20 April 2017-DENVER — In May 2018, NASA Discovery’s InSight mission will be the first lander to place an ultrasensitive broadband seismometer on the surface of Mars — making it the first planetary seismometer deployed since the Viking missions of the 1970s.
At the 2017 SSA Annual Meeting, some of InSight’s scientists described how they are preparing for the historic landing, and what challenges may face InSight’s seismometer as it collects the first seismic records from Mars. While the technical aspects of building, delivering and shielding a Martian seismometer are considerable, the scientists also face a near lack of information about the planet’s seismic structure and activity. In a poster presentation prepared by Jet Propulsion Laboratory researcher Bruce Banerdt and colleagues, the researchers discussed their experiments on Earth that will help them interpret any seismic signals captured by the one deployed station, including how to block out any seismic “noise” generated by the seismometer itself, and how to separate and analyze seismic signals from those generated by meteorite impacts and the tidal pull of Mars’ moon Phobos.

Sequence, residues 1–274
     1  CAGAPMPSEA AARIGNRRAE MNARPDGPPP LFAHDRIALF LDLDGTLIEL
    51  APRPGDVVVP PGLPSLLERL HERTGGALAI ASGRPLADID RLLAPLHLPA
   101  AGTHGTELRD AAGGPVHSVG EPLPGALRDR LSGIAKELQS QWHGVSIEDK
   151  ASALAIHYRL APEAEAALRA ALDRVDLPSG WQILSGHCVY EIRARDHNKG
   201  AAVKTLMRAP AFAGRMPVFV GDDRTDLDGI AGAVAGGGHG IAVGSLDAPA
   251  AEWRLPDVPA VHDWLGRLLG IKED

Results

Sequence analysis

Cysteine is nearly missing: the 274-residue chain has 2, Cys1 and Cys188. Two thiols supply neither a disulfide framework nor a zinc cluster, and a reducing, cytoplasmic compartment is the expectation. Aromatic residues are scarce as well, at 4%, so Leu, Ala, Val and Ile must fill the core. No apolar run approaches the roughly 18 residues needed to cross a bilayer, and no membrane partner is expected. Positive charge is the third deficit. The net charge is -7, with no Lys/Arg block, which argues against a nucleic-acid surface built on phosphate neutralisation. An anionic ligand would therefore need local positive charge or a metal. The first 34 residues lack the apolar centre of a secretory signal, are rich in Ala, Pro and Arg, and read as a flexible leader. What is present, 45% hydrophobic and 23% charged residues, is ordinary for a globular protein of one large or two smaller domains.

In the coming decades, Mars won’t be the only target of planetary seismologists, who say seismological mapping of the shallow and deep interiors of other moons and planets will provide valuable information on the chemical and thermal make-up of planets and and how they may have evolved during the history of our Solar System.
The Moon and the “Icy Worlds” such as Jupiter’s Europa moon and Saturn’s Enceladus and Titan moons are also of intense interest, since the presumed liquid oceans beneath their frozen surfaces may harbor some form of life. Seismic data from these worlds could reveal more about how these liquid reservoirs were formed and how they may change over time. In their SSA presentation, Nicholas Schmerr of the University of Maryland and colleagues described new field observations and models of a small array of seismometers similar to what might someday be deployed to a place like Enceladus. Their data will help future missions determine the best places to land and operate in the harsh conditions of an Icy World.